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Council websites ‘complicate building controls process’


Latest Socitm survey rates less than half as being good in making it easy for residents to understand what they need to do

Local authorities’ websites are often failing to make it easy for householders to understand their responsibilities when commissioning building projects, according to public sector IT association Socitm.

Its latest Better Connected survey has led it to conclude that too many of the web pages on building control (known as building standards in Scotland) appear to be written by professionals for professionals, when the assumption should be that the website visitor has little prior knowledge of the subject.

There is a danger this can leave householders with unnecessary costs, fines and other complications – including setbacks when the property comes to be sold.

The survey covered the websites of 353 councils, assessing how well they support the task ‘Apply for building control’ in England, Wales and Northern Ireland, and ‘Apply for a building warrant’ in Scotland, where the process differs. 

Room for improvement

It rated only 34% of Scottish sites and 43% of those in the rest of the UK as good or very good on the task. Socitm said this shows there is considerable room for improvement, and that managers of local authority building control services need to simplify information on their web pages.

Only 44% of Scottish sites and just over a third of the rest got a ‘yes’ answer to the question about whether the whole compliance process from beginning to end is made clear. The survey team said it was surprisingly difficult to find information specifically about certification, inspection and enforcement, which are issues of significant interest to householders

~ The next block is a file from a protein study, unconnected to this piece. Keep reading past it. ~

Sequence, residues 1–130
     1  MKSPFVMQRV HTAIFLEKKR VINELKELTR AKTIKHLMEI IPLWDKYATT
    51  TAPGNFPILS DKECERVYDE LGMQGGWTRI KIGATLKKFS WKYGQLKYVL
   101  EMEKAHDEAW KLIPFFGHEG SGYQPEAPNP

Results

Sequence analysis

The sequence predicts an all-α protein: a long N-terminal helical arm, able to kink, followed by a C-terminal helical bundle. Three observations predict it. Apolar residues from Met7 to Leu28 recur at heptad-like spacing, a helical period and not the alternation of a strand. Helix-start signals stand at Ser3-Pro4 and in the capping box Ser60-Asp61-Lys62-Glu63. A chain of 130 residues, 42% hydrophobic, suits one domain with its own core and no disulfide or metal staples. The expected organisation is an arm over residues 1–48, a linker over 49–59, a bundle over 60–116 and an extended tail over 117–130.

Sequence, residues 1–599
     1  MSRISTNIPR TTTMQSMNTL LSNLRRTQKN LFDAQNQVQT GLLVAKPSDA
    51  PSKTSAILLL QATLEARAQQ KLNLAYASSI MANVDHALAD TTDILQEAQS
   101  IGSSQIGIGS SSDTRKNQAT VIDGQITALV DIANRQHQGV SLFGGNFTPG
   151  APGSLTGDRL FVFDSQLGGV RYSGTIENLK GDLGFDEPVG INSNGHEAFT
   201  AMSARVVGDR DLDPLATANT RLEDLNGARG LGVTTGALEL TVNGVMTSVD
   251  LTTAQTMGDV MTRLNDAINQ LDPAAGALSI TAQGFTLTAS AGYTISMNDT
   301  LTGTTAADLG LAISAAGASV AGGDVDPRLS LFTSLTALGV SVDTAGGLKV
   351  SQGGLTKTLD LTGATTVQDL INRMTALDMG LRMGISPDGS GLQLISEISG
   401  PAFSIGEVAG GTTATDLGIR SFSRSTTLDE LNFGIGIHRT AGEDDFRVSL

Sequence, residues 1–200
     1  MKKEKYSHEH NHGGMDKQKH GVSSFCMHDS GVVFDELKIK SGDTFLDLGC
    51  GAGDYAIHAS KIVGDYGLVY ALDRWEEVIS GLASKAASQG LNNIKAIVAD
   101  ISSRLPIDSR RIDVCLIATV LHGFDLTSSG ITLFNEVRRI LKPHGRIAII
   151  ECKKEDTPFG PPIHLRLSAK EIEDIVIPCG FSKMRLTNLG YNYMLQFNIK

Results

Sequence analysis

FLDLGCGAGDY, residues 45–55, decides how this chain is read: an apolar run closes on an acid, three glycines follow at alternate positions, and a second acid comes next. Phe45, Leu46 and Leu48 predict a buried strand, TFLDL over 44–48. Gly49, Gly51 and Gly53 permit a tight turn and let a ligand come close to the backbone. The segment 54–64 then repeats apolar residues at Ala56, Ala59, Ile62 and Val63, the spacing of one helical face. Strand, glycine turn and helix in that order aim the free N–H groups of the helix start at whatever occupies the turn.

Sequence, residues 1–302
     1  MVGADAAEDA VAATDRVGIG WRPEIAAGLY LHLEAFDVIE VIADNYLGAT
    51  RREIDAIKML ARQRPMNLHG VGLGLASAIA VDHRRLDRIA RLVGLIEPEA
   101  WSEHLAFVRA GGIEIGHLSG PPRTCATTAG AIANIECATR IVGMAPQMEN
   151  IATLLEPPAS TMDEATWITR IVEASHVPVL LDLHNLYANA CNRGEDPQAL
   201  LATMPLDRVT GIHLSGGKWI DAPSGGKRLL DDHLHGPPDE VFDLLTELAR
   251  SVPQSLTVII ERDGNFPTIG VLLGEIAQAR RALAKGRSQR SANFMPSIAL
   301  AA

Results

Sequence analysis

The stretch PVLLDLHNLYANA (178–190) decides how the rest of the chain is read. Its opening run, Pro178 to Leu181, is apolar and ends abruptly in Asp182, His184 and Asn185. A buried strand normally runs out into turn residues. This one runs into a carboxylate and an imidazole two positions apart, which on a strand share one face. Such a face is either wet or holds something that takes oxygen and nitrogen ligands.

A third of sites in Scotland failed the essential question ‘Can I easily find out whether the work I have commissioned (extension including new bathroom) requires a building standards warrant?’. This ruled them out of a ranking of more than two stars for the task.

Further complications arise from the number of links to external sources – such as the Planning Portal, GOV.UK and eBuilding Standards in Scotland – which can provide inconsistent content leading to some disjointed and confusing experiences.

Using external content only worked where much attention had been paid to the overall customer journey and the pages linked to. Relying on links to lengthy PDF documents, often provided by third parties and filled with advertising, rarely provide a good solution.

Private sector competition

A further complication in England and Wales is that building control is an activity where councils are in competition with the private sector. This led to a number of councils devoting space on their pages to a ‘hard sell’ for their services in lieu of useful information provision.

The report highlights some more positive findings, such as good practice by Hounslow, Midlothian and Westminster, and that a number of councils are working with others to deliver building control services.

It says this makes sense but needs to be done with sensitivity to the customer journey, which will in most cases take them there from Google via the resident’s own council website. Council sites should not land visitors on a partnership or other third party sites without explaining the handover.

The report comes days after news of that another Better Connected survey found that many councils are not providing sufficient information to people looking for social housing in their areas.

 Image by Bryn Pinzgauer, CC BY 2.0 through flickr


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